The good news is that the Federal budget pretty much left property investors alone.

Whilst there was a push by some towards eliminating negative gearing to save claims of $13 billion dollars a year we did not see negative gearing touched.

Whilst most commentators who have supported the push for eliminating negative gearing have argued that the government is losing $13 billion in revenue per annum and therefore negative gearing should be abolished.

This is simply misrepresenting the facts.

Whilst taxpayers have claimed $13 billion in losses in their tax returns the actual revenue forgone by the government is calculated at their individual tax rates. Thus at an average tax rate of 35% the lost revenue is only $4.5 billion.

So the government has not lost $13 billion dollars by allowing negative gearing but rather $4.5 billion is the actual dollars forgone.

Public housing provided by the government only accounts for around 4% of investment properties. The other 96% of housing is provided by the private investor.

Should they disincentivise property investment by removing negative gearing we would see the government having to shoulder the weight of providing a much larger percentage of housing for tenants.

This would in effect cost the government much more than the $4.5 billion dollars a year in revenue forgone due to negative gearing.

In fact it would cost the government in the hundreds of billions to provide public housing.

You may recall that the Keating government attempted to remove negative gearing in the eighties but reversed their decision when the queues for public housing doubled.

So, thank goodness there was some clear thinking shown around negative gearing in this budget

However negative gearing is only one piece of the jigsaw puzzle…

When it comes to the property market, many other factors such as jobs, interest rates, confidence, supply etc. have far greater effect on the property market than negative gearing.

We need to have a growing economy which leads to increased revenues for the government as businesses do well and able to hire more people and with more jobs, our standard of living is improved. This will ensure the property market is stable and continue to grow steadily.

Supply is a very important factor as successive governments have not provided the policies to generate more supply.

Let’s have a look at the changes that could have a direct impact on the property market:

1. The First home buyer savings accounts were eliminated.
These were established to assist first home buyers in saving for a deposit and at the end of 2013 there were 46,000 savings accounts opened.

2. The National Rental Affordability Schemes has been eliminated.
This was set up to help low income earners by giving them a 20% discount on rental by offering rebate incentives to property investors on new properties. Around 15,000 properties were built under the scheme.

3. The Budget has had a negative impact on market sentiment.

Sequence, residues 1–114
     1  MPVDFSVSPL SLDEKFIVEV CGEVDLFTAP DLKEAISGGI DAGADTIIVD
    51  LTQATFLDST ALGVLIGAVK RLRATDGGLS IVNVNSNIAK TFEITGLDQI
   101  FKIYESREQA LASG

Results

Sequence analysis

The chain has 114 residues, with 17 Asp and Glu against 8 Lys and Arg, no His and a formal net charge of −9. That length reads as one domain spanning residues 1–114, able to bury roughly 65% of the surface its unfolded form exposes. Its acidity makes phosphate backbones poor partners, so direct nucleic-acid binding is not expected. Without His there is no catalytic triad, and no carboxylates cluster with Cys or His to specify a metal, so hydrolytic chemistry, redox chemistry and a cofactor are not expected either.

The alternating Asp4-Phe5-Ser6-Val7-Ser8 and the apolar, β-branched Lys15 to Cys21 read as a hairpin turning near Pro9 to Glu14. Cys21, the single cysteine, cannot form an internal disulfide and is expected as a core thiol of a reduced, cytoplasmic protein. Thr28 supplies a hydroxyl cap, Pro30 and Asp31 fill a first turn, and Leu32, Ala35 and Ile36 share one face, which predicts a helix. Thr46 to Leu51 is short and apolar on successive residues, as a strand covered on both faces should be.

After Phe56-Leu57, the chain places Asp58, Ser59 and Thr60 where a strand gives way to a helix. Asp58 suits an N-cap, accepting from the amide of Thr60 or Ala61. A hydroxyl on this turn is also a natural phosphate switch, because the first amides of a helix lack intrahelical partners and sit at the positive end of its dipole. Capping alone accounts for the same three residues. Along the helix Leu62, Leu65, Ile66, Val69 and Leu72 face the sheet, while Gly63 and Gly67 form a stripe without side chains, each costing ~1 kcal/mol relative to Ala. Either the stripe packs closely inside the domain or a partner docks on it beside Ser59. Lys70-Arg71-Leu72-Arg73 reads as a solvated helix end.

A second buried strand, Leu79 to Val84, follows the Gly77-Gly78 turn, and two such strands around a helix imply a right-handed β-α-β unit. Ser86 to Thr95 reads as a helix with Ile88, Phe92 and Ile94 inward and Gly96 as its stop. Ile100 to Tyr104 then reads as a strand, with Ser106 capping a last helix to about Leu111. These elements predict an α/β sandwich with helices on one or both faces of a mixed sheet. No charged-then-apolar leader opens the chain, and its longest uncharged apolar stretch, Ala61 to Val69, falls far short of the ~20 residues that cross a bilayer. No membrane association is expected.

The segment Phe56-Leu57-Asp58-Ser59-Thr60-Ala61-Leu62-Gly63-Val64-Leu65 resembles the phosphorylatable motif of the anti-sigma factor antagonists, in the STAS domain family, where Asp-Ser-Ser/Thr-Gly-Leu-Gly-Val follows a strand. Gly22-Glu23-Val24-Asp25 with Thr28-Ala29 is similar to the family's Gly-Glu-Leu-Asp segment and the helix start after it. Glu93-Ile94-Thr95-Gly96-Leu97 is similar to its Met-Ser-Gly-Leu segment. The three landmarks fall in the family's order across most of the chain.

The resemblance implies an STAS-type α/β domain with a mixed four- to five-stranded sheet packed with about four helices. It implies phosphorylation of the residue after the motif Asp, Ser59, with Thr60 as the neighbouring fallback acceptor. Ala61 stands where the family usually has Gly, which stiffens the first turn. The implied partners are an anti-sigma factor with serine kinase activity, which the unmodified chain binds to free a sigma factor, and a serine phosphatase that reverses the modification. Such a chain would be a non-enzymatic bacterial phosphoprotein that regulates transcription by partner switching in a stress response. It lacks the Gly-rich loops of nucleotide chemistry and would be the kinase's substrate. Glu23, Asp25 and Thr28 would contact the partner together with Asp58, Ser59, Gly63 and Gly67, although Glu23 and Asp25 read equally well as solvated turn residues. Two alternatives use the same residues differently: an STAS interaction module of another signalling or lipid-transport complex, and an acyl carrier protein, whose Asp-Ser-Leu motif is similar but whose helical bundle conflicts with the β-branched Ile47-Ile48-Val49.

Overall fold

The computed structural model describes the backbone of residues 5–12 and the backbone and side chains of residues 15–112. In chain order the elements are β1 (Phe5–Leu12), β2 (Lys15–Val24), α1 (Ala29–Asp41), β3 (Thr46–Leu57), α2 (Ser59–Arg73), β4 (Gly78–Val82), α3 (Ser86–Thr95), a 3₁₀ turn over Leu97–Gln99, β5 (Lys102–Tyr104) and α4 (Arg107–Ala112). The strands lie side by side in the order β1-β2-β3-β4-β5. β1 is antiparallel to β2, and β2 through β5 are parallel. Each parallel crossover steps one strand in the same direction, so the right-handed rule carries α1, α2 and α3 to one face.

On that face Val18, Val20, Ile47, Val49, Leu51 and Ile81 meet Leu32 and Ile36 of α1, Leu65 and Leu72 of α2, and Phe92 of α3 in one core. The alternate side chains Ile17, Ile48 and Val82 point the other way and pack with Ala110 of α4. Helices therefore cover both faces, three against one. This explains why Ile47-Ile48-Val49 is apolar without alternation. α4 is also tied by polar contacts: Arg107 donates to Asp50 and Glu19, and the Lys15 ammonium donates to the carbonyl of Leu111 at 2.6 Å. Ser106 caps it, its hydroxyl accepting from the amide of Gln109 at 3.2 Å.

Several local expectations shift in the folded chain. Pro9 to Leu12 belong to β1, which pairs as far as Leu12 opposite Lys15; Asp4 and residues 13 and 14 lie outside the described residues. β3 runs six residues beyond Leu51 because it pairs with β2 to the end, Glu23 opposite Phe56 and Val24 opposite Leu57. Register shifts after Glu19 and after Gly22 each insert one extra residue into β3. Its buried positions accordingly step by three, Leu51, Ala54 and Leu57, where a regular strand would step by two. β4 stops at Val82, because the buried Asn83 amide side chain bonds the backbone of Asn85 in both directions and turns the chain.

And there is a direct correlation between market sentiment and the property market. Consumer sentiment is lower than what it was prior to the election and this will keep interest rates low for a longer period.

As the mining boom only provided around 2% of employment and represented only around 4% of the economy and as it transitions into Production from a construction phase, we need to stimulate the other 96% of the economy that provides the majority of our economic growth and job prospects.

We have never supported property investments in mining towns despite the great rents and as the mining boom subsides many more people will be stuck with properties in mining towns that they cannot sell. We will continue to see these properties drop in value.

There were tax cuts of 1.5% for companies (except big companies) which is an incentive for Companies to invest more and hire more people which should increase economic activity and reduce the unemployment rate.

However we have probably seen the middle class shoulder a large percentage of fixing the budget with the elimination of many family tax benefits, whilst the wealthy has been asked to pay a 2% levy on income above $180,000.

The 2% levy did not go far enough I thought.

Whilst the budget is attempting to put a cap on the trajectory of our debt problem…

I believe they have a long way to go in getting the balance right between austerity and keeping the economy going because what ultimately will get our country back to a healthy financial position is a growing economy.

They still have to get the support of the other parties and by the way the dialogue is at the moment I think Abbott will have his hands full in convincing the others that this is a Budget in the national interest.

Or that we should put the national interest ahead of self-interest as long as there are safety nets for the poor.

He was unable to convince the Greens and the in dependants in the previous election to support him in forming government and Gillard won the battle in that contest but ultimately lost the war.

So I am not sure how good Abbott is in negotiating outcomes. I suspect not so good.

Of course:

Only through a strong economy can we have a strong country and only through a strong country can we look after the poor and disadvantaged and provide the opportunities for the average Australian to strive for a better standard of living for themselves and their families.

 



Want more of this type of information?


Ed Chan

About

Ed is a founding partner of Chan and Naylor accountants and a leading property tax specialist. He has co-authored 3 best selling books. As a seasoned property investor he shares his unique understanding of the relationship between property investment and tax. Visit www.Chan-Naylor.com.au